What the skills shortage means for developer salaries in South Africa

Qualified professionals are leaving South Africa in droves, citing the ongoing problems of crime, economic uncertainty, and political problems as reasons for their emigration.

This has become increasingly apparent in emigration statistics, and for every skilled worker coming to South Africa, eight are leaving.

The problem cuts across racial lines, as the number of black professionals leaving South Africa now exceeds white emigrants.

MyBroadband’s 2019 IT Salary Survey revealed that 46% of IT professionals in South Africa are planning to leave South Africa permanently, or work abroad, in the near future.

The survey was conducted in April and was completed by 3,055 respondents from a wide range of IT professions and companies.

To determine whether this lack of skills affected the salaries offered to experienced developers, MyBroadband spoke to tech talent marketplace OfferZen.

Effect on salaries

OfferZen said that while salaries obviously played a big role in the success of recruitment, there is a lot of importance placed on value, too.

“With software developers, the supply/demand/salary dynamics don’t apply as much as supply/demand/value of the job,” OfferZen said. “Those are different things – the salary and value of the job.”

OfferZen said that while there is a shortage of great developers, this has not had a major impact on market salaries.

“Yes, the number of great developers in South Africa is less than the demand for them, and yes, the market is competitive. This doesn’t, however, seem to be having a material impact on market salaries,” OfferZen said.

“What we have seen is that if you want to compete for great talent you need to offer more than just money – you need to offer value.”

Benefits and environment

OfferZen said that software developers place great importance on the value of a job, and over the years it has found that its most companies have strong offerings for compensation and the nature of the work itself.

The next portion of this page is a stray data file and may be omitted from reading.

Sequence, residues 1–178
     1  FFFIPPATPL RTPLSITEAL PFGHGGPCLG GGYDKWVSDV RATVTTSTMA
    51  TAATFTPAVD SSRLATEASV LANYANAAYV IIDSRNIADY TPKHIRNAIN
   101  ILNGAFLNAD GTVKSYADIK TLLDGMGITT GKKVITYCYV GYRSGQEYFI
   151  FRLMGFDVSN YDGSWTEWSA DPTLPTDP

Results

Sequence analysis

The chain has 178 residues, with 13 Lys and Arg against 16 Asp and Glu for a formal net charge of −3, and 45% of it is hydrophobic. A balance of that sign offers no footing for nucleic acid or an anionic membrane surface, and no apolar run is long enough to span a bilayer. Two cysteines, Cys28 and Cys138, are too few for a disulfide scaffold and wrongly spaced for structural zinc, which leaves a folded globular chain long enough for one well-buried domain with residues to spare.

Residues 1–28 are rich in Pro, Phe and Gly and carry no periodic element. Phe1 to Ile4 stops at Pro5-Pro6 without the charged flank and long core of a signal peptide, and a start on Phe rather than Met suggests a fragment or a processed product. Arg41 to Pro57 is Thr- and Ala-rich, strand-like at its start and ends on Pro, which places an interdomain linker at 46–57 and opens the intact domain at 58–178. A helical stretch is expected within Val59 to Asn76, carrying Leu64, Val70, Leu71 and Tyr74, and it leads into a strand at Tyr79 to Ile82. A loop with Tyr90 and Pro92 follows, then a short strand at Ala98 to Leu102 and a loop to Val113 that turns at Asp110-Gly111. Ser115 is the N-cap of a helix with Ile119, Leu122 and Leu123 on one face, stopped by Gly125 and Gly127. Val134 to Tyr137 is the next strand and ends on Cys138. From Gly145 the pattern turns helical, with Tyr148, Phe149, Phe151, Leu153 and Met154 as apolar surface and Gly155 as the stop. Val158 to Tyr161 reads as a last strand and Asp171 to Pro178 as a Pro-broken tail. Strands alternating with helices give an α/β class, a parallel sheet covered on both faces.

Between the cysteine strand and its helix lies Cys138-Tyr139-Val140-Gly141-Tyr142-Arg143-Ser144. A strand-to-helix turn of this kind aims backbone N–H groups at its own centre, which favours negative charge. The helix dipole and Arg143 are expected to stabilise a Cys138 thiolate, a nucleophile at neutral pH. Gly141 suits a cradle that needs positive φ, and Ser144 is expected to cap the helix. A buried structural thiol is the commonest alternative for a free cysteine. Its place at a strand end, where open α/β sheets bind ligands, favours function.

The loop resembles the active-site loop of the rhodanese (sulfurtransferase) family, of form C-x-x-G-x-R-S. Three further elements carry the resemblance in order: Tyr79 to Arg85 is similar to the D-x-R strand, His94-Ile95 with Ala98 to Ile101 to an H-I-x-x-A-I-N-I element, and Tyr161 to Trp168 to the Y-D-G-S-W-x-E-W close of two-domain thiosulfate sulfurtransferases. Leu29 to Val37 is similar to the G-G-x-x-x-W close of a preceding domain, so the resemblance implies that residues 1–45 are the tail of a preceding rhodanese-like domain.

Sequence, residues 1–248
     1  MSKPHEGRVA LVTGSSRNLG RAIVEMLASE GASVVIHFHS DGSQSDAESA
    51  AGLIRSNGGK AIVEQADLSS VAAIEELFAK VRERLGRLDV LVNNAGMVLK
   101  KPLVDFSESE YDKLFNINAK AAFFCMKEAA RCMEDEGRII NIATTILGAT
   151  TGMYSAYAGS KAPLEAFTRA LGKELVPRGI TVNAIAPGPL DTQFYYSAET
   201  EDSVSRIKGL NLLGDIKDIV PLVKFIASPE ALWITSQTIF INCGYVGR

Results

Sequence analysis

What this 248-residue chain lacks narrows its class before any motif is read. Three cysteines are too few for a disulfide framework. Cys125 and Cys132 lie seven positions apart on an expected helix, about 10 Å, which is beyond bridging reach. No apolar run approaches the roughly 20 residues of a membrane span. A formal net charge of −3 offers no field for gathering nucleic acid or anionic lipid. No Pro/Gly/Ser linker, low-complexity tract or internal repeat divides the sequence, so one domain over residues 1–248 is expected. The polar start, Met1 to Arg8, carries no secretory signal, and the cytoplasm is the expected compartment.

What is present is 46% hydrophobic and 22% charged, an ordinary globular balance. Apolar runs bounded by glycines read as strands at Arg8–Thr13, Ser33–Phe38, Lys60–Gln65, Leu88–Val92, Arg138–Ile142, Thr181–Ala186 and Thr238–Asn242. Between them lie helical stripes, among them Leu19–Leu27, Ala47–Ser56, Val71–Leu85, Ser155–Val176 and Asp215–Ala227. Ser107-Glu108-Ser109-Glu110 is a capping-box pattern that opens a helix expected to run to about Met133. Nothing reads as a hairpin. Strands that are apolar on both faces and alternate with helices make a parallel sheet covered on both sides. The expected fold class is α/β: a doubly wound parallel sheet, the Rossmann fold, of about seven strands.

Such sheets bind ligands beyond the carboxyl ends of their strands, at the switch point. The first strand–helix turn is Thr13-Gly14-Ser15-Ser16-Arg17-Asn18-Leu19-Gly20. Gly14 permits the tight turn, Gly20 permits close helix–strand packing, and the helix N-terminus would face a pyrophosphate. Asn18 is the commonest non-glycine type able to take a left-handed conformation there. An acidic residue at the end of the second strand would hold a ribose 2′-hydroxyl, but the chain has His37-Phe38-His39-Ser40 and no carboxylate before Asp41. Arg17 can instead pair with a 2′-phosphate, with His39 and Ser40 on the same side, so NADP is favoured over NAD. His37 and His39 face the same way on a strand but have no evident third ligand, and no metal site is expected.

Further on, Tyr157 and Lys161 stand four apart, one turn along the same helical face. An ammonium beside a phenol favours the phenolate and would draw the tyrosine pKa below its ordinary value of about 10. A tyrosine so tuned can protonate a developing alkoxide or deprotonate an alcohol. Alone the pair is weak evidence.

“Competitive salaries and comprehensive performance rewards are definitely playing an important role,” OfferZen said.

“On a similar note, what’s important with the day-to-day are the level of freedom, challenges, variety, autonomy, responsibility within the role and the impact the work has on the company’s mission.”

There are many non-salary related reasons developers choose to work for one company over another, however.

“It turns out how people feel about working for the company is really important; ultimately it’s the feeling of belonging,” OfferZen said.

“If a potential employee is excited about the team they’d be working with, has the same values as the company, and they are really passionate about the mission the company wants to achieve, they are more likely to join.”

Career growth is also incredibly important to applicants, with developers looking for mentorship, coaching and skills-building opportunities.

“Tech professionals tend to have the luxury of taking their pick,” OfferZen said.

“So between similar offers from different companies, indirect compensation like health cover, retirement contribution, leave, flexi-time, remote work opportunities, the fact that the person can choose the hardware they want to work on, free/subsidised lunch, etc. can also be a deciding factor.”

If a company can’t beat the competition on compensation or other factors, offering the chance for career growth can often attract skilled developers.

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What the skills shortage means for developer salaries in South Africa